Finch review – an understated understatement

By Marc Miller
Published: November 4, 2021 (Last updated: February 1, 2023)
Apple TV plus film Finch


Finch attempts to ride on the coattails of a winning formula that isn’t earned.

This review of the Apple TV+ film Finch does not contain spoilers.

Tom Hanks, the go-to Hollywood master thespian of working with canine actors and inanimate objects, makes any film of his an annual event in my household. You can have your Lassie’s, Benji’s, Marley’s, and the Homeward bound trio. Nothing surpasses a slobbery Dogue De Bordeaux biting down on the neck of Detective Scott Turner without breaking the skin. His new film involves an adorable pooch (is there any other kind?), a robot that spews out useless facts, and the curmudgeon, Finch, who makes Amos look jovial in comparison (that will be my last Turner & Hooch reference).

Finch has its moments. But to say it’s understated would be an understatement. Hanks is Finch, a brilliant engineer (he finally solved that old plot hole of how people obtain toilet paper in a disaster film) who has survived, to this point, a post-apocalyptic world. He doesn’t deal well with people, so this new earth is ideally suited for him. His trusted Irish Terrier mix, Goodyear, is his companion. His Wilson, if you will.

Finch, though, knows he is sick. So he creates a robot, who wants to be named William Shakespeare since Finch hooked him up to a computer and has presumably read every Wikipedia page ever created. He gives himself the name Jeff (The Outpost‘s Caleb Landry Jones). Jeff is a child. He’s innocent, curious, and somehow has feelings. This doesn’t mesh well with Finch’s toxicity. It doesn’t matter. He was created to follow one rule — protect Goodyear. This is soon tested since a storm is on its way that will last 40 days. With limited supplies, they gather their things and leave in a solar-powered Winnebago to find shelter and food until that storm passes. It’s Wikipedia Away.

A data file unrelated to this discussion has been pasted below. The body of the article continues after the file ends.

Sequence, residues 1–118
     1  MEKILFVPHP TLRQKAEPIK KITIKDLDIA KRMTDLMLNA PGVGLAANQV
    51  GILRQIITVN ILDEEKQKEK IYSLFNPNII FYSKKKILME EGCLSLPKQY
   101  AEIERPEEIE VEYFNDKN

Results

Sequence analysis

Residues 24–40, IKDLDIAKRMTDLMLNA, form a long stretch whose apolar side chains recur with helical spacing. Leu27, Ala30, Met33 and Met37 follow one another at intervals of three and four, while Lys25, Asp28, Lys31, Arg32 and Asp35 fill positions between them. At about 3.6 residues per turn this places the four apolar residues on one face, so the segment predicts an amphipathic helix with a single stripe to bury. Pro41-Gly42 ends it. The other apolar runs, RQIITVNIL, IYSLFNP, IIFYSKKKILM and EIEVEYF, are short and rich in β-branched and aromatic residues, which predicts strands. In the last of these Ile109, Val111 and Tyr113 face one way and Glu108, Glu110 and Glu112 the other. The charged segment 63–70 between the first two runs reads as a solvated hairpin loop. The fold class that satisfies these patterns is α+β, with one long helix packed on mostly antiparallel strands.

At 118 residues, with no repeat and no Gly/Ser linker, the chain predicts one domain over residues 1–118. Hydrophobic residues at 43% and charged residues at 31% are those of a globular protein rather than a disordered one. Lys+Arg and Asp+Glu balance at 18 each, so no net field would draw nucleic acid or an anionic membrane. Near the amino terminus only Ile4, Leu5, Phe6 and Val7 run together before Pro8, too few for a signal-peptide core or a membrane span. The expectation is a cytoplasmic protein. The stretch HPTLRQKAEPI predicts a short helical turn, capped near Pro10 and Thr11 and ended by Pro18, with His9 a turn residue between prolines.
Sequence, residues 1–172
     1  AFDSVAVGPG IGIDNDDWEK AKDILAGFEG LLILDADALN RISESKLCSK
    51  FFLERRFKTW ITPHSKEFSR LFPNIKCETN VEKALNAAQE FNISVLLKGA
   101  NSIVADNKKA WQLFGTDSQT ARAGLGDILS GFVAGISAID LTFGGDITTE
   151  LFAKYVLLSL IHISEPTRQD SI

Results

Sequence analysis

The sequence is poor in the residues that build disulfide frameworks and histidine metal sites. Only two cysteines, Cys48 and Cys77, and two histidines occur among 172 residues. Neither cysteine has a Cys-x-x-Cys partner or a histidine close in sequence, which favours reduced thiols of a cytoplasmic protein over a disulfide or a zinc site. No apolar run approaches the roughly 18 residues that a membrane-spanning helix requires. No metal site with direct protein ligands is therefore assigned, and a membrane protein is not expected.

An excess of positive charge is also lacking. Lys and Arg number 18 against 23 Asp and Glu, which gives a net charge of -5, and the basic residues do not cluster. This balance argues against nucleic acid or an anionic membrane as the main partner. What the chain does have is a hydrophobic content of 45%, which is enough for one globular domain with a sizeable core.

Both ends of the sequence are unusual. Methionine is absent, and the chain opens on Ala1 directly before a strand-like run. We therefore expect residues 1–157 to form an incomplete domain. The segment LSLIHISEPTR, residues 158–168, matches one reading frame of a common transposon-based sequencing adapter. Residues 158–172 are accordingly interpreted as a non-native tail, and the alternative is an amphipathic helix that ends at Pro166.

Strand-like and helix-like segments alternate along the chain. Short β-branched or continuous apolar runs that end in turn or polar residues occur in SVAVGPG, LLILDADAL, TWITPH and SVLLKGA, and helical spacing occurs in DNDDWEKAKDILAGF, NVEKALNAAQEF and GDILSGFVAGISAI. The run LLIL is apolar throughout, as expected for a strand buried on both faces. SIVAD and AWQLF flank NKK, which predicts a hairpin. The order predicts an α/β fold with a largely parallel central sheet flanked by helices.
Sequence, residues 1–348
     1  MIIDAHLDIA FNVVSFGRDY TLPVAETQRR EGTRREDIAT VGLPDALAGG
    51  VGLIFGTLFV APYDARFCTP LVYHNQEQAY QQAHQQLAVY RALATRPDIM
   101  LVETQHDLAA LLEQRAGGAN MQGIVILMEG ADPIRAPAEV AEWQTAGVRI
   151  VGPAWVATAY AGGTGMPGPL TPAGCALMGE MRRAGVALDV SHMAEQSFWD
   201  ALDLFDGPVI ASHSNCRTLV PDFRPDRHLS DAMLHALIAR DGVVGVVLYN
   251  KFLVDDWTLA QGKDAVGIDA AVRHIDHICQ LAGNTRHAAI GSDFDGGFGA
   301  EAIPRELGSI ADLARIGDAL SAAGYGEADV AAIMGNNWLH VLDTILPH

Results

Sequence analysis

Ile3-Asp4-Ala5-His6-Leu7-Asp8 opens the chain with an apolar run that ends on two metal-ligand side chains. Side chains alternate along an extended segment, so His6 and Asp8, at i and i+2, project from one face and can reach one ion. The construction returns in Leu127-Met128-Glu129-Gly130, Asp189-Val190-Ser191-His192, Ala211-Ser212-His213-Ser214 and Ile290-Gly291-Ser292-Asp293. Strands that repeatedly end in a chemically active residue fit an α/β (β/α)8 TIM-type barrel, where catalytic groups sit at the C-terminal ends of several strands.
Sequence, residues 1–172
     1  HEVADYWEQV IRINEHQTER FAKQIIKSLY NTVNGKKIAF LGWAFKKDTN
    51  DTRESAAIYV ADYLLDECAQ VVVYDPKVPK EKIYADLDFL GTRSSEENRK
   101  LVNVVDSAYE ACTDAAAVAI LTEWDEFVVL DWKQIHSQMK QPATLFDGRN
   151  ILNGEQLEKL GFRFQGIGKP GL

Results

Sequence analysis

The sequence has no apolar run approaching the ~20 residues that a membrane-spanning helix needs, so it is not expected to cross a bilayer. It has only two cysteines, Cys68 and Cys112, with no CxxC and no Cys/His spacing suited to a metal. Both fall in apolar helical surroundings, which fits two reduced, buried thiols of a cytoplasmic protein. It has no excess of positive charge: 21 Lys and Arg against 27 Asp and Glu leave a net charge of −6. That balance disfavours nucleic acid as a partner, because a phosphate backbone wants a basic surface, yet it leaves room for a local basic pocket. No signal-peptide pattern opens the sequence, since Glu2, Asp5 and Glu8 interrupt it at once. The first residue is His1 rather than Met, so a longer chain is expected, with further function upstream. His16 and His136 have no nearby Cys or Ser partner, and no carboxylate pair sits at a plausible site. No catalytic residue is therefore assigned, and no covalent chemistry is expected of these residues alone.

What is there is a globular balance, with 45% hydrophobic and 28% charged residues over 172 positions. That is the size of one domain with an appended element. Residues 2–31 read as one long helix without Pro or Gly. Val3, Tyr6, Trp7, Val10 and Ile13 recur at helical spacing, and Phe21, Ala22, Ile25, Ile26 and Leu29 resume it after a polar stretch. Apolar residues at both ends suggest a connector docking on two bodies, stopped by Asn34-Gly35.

Finch is strangely underwhelming, considering the special effects that are put into the thing. The first sixty minutes flounder, with a few enjoyable moments, brought out by Jones’s Jeff. However, the problem is those are evened out by Finch, with a strange amount of toxicity. Was this acceptable a couple of decades ago? Sure. So was binge drinking and emotional abuse.

The point is that this is a father-son story at its core and coated in special effects in a post-apocalyptic world. In a typical story with these themes, Finch would apologize, but his character never does here. It’s abusive, no matter the circumstances. Frankly, it’s off-putting. You can argue that he created Jeff to protect his “real son,” the Irish Terrier, but how does that make it better? Tough love? Maybe. However, its telling moments come across as convoluted.

There isn’t more to the story here. You can’t write a story that has a robot who has feelings, treat them poorly, use them, and pretend it’s a heartwarming experience. This is how we teach young people about “love, friendship, and the meaning of human life”?

Finch attempts to ride on the coattails of a winning formula that isn’t earned.

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